Hello, it’s me, <laugh>, Suzanne. Hi. We have another real sober mom Today. I spoke with Rachel. I wanna put a trigger warning in this episode, which I feel like maybe all of my episodes should have that, because we talk about real stuff all the time. We talk about postpartum O C D in this episode, Rachel and I both struggled with that. If you are going through postpartum O C D or anxiety, I would say be sure to talk to your doctor. Please get help. Do not wait. You’re not alone. You’re not the only one going through this. Even though it might feel like you are. Also, the thoughts in your head are not real. They are not who you are. You are not connected to them. Your brain really is just going through some shit, and there are things that can help it. I have shared about my postpartum anxiety journey, but in this episode, I get more personal than I ever have, and I’ve shared things that I’ve never shared, which is scary, and don’t think that I didn’t wanna go back and edit that out.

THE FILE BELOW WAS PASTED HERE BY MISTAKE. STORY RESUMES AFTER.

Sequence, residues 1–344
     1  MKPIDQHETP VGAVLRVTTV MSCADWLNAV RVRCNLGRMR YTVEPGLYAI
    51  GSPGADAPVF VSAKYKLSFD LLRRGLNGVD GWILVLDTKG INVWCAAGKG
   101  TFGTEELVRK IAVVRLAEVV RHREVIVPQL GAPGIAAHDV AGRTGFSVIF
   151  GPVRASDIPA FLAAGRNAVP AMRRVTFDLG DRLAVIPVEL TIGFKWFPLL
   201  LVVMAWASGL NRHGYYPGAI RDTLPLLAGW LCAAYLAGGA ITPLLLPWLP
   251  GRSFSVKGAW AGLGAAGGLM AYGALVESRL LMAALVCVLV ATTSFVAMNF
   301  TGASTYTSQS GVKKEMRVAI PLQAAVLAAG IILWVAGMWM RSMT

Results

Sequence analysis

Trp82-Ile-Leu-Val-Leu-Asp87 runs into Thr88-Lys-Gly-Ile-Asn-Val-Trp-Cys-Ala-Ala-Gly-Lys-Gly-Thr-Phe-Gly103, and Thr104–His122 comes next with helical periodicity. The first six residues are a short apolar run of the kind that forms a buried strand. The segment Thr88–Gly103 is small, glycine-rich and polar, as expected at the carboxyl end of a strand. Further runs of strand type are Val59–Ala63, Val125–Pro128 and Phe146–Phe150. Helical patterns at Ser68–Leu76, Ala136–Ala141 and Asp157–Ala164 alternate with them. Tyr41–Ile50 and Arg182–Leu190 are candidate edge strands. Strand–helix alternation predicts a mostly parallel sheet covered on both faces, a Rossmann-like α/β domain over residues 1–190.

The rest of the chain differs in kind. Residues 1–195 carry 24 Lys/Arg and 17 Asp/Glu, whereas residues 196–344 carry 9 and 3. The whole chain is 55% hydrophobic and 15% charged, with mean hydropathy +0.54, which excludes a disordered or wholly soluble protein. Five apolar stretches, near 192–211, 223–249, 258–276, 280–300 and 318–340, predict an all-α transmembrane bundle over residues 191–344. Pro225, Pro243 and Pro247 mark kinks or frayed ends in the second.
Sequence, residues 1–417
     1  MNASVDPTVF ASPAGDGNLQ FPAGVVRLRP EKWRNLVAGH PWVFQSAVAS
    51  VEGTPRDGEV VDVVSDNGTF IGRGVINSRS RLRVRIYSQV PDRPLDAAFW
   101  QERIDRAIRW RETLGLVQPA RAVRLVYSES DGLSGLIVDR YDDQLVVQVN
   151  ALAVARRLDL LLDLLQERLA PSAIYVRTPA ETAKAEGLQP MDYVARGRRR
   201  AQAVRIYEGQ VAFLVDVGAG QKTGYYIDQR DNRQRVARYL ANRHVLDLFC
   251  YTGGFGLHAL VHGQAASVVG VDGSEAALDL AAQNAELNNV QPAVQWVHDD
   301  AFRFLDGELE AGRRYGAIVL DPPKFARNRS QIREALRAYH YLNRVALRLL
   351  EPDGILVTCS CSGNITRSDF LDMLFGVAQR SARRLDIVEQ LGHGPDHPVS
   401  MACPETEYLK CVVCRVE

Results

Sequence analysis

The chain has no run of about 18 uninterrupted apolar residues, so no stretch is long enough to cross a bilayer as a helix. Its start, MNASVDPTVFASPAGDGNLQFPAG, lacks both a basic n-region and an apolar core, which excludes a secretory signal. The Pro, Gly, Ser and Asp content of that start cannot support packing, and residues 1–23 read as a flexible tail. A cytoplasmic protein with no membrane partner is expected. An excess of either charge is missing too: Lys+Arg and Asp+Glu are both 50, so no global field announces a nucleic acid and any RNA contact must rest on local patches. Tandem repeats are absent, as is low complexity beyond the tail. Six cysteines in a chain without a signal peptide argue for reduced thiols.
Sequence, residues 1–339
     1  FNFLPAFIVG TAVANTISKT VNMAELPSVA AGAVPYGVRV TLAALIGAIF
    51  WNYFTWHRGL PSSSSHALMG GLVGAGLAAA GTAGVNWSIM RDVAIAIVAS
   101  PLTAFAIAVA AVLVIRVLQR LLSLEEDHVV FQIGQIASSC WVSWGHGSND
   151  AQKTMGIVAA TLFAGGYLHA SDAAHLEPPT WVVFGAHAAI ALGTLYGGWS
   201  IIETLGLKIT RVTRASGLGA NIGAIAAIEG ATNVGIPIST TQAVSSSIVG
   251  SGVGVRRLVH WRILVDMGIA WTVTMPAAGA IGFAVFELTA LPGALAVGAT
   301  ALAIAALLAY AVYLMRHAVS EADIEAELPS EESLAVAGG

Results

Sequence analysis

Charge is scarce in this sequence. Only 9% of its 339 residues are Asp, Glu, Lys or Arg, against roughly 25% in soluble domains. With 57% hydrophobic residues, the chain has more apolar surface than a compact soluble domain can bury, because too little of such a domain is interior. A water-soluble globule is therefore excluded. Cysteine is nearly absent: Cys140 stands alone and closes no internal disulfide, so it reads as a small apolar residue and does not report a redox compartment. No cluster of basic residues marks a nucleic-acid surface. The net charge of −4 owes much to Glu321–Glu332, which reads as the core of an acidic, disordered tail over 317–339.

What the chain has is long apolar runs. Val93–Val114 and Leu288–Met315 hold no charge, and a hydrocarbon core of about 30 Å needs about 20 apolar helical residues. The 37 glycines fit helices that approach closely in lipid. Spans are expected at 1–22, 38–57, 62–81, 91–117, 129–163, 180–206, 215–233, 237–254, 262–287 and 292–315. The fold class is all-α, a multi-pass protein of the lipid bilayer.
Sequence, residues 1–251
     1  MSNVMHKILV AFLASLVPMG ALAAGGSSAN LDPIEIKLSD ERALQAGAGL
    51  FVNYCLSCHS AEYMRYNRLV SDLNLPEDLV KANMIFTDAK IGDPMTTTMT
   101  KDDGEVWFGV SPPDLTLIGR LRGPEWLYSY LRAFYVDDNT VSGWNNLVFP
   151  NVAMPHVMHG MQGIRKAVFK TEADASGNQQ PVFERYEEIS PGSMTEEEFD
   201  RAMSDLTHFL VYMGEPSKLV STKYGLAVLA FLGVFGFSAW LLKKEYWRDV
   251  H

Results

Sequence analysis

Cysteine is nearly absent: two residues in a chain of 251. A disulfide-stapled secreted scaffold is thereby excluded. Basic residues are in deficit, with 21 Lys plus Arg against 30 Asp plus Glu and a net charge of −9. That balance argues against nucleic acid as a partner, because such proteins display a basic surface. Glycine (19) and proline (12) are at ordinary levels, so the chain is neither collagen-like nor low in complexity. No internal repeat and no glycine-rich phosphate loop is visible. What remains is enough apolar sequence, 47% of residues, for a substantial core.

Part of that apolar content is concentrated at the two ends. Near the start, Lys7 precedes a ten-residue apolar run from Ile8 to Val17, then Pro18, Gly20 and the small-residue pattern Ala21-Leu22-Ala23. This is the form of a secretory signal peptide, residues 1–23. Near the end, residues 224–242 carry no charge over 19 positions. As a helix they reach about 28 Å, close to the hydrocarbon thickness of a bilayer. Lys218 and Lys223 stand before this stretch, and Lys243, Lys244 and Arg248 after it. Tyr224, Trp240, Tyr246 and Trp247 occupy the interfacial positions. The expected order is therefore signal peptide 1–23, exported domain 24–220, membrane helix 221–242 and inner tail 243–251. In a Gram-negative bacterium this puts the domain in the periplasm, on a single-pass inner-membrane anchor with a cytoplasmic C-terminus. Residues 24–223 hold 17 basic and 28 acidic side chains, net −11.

Um, but I’m not going to because I know that I needed to hear this when I was going through it. I needed to know that. No, I wasn’t going crazy. No, I wasn’t gonna be locked up if I told a doctor what I was thinking and these intrusive thoughts that were trying to scare me. And also, I wasn’t my thoughts and neither are you. And thoughts are just that. They’re just thoughts. And your brain just needs a little help right now because it’s been through a lot. And so I urge you, if you’re going through something like that, please do not wait. I waited far too long. I waited a year and a half. And once I finally got on, I started taking Zoloft. Once I got on that, you guys, they stopped. The thought stopped almost, I mean, almost overnight. It felt like a miracle.